Ten matches. Two more than Luis Suarez received for racism. Three more than he received last time he decided to bite an opponent. To complain about the length of the ban would suggest that Liverpool would like to have their Branislav Ivanovic and eat it.
In actual fact, he is only really banned for six matches. Liverpool's season is done. Their sole remaining aim is to try and overhaul Everton but gaining civic pride from the last four matches has been endangered by the stupidity of their star man.
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When Ajax realised he had bitten PSV Eindhoven's Otman Bakkal, they banned the player even before the KNVB had delivered its own verdict. Ajax chose to remove him for two matches and levy a hefty fine. Liverpool chose only one of those courses of action, but then Ajax opted to play Suarez in a Champions League match, too.
Clubs remain pragmatic to the point of hypocrisy. Ajax bent their purported principle to play Suarez against AC Milan, while Liverpool gave Suarez a hefty new deal after the Evra affair had dragged them through the mud.
Ajax cashed in for £24 million, lavishly paid to have their consciences cleaned. Liverpool as a club have already staked and lost their reputation over Suarez yet seem willing to do so again. That they are "shocked and disappointed" suggests that it is not just Suarez who is unwilling to learn a lesson.
Kenny Dalglish indulged Suarez, and allowed his paranoia to cloud the club's management of an affair that would have been calmed by the simple act of apology. When a ludicrous whispering campaign was launched it all but cost Dalglish his job. Brendan Rodgers, who has so far seemed a more savvy media practitioner, faces the toughest test of leading the club he frequently hails as an institution for all that is right with the world.
Liverpool's anger about the latest ban would suggest that they feel their apology should have served as mitigation. Yet 'sorry' is also a word used by children when they want to lessen their punishment. It did not work this time, since Suarez has far too much previous history to give him a lesser ban than previous offences. Would England's FA want to be seen as more lenient toward an incident of feral viciousness than its Dutch counterpart? So what if Jermain Defoe got away with it? That was then, this is now, and this is Luis Suarez. Two wrongs do not make a bite.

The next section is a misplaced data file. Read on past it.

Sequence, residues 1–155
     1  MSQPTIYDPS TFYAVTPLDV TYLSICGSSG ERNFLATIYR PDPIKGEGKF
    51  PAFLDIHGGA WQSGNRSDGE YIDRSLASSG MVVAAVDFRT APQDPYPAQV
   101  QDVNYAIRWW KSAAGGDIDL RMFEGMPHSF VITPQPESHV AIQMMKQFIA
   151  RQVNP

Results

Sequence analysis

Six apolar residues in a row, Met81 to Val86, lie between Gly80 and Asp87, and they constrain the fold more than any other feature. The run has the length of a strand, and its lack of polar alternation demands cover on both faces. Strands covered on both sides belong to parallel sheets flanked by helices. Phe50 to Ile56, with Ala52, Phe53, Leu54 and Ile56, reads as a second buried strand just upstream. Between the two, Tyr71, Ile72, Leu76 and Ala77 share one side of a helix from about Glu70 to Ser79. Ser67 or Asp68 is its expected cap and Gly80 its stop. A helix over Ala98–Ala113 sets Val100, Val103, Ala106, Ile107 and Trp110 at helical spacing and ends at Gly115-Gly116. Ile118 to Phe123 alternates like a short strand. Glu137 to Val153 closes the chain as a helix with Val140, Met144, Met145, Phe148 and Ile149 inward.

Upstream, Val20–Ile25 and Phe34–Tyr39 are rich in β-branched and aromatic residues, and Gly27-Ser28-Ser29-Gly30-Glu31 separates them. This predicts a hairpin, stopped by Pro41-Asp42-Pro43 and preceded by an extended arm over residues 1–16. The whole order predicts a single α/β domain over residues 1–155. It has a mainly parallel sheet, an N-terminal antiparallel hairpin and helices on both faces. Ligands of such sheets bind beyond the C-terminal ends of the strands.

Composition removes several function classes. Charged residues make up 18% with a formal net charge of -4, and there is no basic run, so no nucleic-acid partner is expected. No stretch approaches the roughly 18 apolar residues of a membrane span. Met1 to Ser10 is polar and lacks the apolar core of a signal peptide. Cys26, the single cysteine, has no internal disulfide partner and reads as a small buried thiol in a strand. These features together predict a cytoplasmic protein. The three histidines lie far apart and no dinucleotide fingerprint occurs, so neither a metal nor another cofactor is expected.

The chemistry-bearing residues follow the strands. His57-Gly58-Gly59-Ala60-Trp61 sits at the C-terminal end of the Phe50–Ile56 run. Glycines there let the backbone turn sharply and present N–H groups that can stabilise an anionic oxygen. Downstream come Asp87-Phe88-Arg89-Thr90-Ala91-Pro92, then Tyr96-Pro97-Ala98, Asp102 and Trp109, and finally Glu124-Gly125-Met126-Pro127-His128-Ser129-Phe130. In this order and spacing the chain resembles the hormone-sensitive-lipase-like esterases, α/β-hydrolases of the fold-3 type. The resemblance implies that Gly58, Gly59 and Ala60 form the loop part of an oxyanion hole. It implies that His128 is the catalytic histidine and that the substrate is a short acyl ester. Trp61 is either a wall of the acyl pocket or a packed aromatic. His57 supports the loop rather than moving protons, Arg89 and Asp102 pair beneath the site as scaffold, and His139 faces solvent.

Suarez entered the Chelsea game on nine Premier League bookings, one short of the 10 bookings required to be banned for two matches, except that an amnesty after the second week of April left him without that millstone hanging over his head. He had been on that mark since being yellow-carded against Southampton on March 16 and has played notably within himself during that time. It had not been the same Suarez.
The player seen against Chelsea was Suarez able to play at his maximum level. It was his best match for some weeks. He set up and scored Liverpool's goals, but he also received a booking too, as well as his altercation with Ivanovic. It suggested that Suarez cannot be at his most effective without letting go of reason.
When mentioning Suarez, we are forced to admit his qualities as a player. He entered this season accused of being a player whose goal record did not equal the trouble he was worth. Yet he finished the Chelsea game as front-runner in the Premier League's Golden Boot list. The suspension that resulted from his stupidity allowed Robin Van Persie the chance to overtake him, another cost to the meagre bragging rights his club's fans have over the current champions. Liverpool's fans wish to exist as an isolated power from the rest of the Premier League but there is no reason others must accept a player who plays so beyond the spirit of the game to all but negate his footballing skill.
Complaints against the harshness of the ban are bound to dominate column inches for days to come but the fault lies with the player himself. Rodgers, Steven Gerrard and Jamie Carragher have spent the season praising their star player to high heaven, perhaps in fear that he may want to leave them. He has let them down horribly, and has once again damaged the club's credibility. They could be forgiven for wanting rid of him now. Liverpool have lost far better players than Suarez, survived and won trophies.
Liverpool have spent the past year vigorously attempting to rehabilitate Suarez's public image. Friendly reporters have been jetted in to receive charming soundbites and a family man has shown off a self-effacing side.
The rehabilitation process must begin again from an even lower ebb; Suarez must meanwhile show he wants to be rehabilitated. Billy Bremner, Tony Adams, Roy Keane, Eric Cantona, Jan Molby and Robbie Fowler, a selection of the English game's legends who took the path of redemption. Suarez must show willing or he will further let down a group of supporters who must realise the damage he is doing to their club.
Ten matches? Harsh but fair. This is Luis Suarez. He has not played fair to his opponents, his teammates, his club or the supporters. And it's time to accept his punishment.